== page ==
Mortgage (Payments) Protection Insurance
When some home buyers think about PMI, they are often confusing it with mortgage protection insurance. This is an optional private insurance policy. Depending on its terms, you and/or your family will have your mortgage payments paid for a set period if you lose your job; can’t work because of injury or a medical condition, or have the entire mortgage paid off (in case of death.)
The cost of Mortgage Protection Insurance
The premiums for mortgage protection payments insurance are calculated according to your age, your state of health and the LTV (loan-to-value) ratio of your mortgage. Before you think about buying mortgage protection insurance, you should consider the other insurance coverage you already have in place. If you already have short- or long-term disability insurance, then mortgage protection insurance is unnecessarily doubling up on insurance cover. Similarly, if you have an emergency fund in place (covering around 6 months of your household expenditure), this insurance might be superfluous.
The main advantage of mortgage protection insurance is that it is a ‘guaranteed acceptance’ policy. If you have pre-existing medical conditions or are in a high-risk profession, you might find disability insurance impossible to get, or the premiums are too high. In this case, mortgage insurance protection is the ideal solution.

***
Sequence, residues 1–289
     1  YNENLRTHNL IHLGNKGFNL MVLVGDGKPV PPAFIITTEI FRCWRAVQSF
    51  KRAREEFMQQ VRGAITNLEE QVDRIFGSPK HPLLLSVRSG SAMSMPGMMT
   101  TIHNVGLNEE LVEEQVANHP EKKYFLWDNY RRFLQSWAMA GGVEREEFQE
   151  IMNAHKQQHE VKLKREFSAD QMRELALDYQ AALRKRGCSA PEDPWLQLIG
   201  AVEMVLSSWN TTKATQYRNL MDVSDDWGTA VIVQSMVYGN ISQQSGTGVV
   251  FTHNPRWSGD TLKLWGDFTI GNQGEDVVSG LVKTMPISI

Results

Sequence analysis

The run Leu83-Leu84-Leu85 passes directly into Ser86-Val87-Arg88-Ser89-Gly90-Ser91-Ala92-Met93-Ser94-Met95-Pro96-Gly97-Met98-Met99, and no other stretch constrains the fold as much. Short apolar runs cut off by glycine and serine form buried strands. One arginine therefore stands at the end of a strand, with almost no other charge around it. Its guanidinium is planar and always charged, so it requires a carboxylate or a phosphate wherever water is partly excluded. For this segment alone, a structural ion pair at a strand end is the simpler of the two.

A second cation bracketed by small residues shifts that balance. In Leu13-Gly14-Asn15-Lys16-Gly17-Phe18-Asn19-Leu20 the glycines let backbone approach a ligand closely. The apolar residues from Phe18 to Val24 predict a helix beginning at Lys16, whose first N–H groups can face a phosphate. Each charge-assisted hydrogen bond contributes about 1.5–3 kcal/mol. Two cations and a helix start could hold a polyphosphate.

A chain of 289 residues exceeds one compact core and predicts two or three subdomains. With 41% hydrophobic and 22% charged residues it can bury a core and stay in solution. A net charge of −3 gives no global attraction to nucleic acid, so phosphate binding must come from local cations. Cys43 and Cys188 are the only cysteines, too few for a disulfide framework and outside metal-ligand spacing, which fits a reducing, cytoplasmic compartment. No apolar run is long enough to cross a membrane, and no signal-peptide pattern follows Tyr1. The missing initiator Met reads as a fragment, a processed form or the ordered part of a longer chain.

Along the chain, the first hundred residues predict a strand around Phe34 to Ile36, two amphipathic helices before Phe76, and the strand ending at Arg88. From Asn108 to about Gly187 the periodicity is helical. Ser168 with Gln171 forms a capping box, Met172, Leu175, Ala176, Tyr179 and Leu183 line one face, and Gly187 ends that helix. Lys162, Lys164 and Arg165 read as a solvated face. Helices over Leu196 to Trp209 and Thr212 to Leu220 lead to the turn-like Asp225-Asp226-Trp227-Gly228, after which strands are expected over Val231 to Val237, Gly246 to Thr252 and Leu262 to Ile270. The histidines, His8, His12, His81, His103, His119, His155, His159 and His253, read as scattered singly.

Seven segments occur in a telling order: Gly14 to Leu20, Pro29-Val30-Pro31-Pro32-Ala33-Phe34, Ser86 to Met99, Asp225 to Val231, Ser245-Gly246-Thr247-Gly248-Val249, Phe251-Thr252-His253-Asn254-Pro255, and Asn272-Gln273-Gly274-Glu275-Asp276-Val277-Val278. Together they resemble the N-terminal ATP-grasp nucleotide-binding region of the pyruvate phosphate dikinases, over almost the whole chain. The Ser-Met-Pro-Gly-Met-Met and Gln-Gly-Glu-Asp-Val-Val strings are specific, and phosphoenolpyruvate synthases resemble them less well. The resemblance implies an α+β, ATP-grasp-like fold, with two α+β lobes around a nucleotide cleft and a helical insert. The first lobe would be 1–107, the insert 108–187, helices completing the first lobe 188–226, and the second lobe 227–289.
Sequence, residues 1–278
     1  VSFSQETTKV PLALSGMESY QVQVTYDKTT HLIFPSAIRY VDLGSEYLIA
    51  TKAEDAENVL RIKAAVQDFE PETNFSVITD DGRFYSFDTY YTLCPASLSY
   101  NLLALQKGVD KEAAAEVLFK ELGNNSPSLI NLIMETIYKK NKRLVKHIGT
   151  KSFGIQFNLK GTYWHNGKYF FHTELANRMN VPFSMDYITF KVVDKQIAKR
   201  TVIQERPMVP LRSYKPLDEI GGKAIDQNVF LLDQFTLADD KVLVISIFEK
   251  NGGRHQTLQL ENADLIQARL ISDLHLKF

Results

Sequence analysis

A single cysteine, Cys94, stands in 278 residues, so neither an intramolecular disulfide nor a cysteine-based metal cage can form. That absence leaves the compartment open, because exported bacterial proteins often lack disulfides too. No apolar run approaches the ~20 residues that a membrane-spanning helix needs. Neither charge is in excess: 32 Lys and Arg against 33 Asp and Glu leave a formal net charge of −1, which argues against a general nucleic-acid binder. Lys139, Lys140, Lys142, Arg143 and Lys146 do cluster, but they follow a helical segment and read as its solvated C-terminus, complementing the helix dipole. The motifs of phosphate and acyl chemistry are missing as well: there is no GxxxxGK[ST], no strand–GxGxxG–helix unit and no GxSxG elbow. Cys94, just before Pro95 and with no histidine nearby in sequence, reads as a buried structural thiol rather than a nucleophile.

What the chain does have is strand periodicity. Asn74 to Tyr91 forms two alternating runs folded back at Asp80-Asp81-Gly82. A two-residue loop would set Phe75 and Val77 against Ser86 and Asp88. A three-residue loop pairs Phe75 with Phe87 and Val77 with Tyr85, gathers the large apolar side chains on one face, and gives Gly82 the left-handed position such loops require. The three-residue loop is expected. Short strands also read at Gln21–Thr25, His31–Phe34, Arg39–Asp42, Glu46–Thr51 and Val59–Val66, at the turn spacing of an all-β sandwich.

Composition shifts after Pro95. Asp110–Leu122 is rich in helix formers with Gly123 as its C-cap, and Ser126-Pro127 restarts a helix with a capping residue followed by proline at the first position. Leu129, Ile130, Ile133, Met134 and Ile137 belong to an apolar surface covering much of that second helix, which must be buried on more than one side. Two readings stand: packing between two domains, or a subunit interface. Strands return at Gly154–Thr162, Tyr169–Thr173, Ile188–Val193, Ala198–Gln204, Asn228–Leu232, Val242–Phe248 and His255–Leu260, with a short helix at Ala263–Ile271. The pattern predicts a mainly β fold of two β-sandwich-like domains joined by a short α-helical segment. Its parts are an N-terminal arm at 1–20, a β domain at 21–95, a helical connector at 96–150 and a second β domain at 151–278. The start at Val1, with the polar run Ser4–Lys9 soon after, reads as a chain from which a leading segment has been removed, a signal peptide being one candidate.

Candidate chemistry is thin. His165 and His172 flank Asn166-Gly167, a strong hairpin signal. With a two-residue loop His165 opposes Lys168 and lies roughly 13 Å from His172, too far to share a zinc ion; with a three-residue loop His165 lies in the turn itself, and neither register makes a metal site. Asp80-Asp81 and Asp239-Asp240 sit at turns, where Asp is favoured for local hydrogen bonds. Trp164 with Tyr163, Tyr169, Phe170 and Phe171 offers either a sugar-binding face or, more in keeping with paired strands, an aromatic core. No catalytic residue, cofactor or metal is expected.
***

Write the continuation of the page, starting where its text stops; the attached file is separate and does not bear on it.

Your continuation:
One of its main drawbacks, however, is that there’s no flexibility with this type of insurance. If something were to happen to you, the payment would go automatically to the lender. Although your home would be paid for, what about the other day-to-day household expenses? In this sense, the lender is the main beneficiary rather than your family. In this situation, life insurance might be the better option.
Mortgage payment insurance is also a declining-benefit policy. This means that as you pay off your mortgage, the insurer will have to pay out less and less as time goes by. However, your premiums will stay the same.
The premiums for mortgage protection payments insurance are calculated according to your age, your state of health and the loan-to-value ratio of your mortgage.
You should also check the terms and conditions of the policy extremely carefully. Some policies will only cover the mortgage principal and interest (and no other fees) while some will only pay out for a very limited period (1-2 years) in case of job loss or inability to work. Would this be sufficient?
Conclusion – Understanding mortgage insurance policies
Because of the confusion between their names, it’s important that you understand the differences between these two types of policies. One is compulsory while the other isn’t. Think carefully before taking out mortgage protection insurance, and weigh up all the pros and cons for your personal circumstances. Obviously, you want a degree of protection for you and your family, but you must make sure it’s the right financial product for your needs.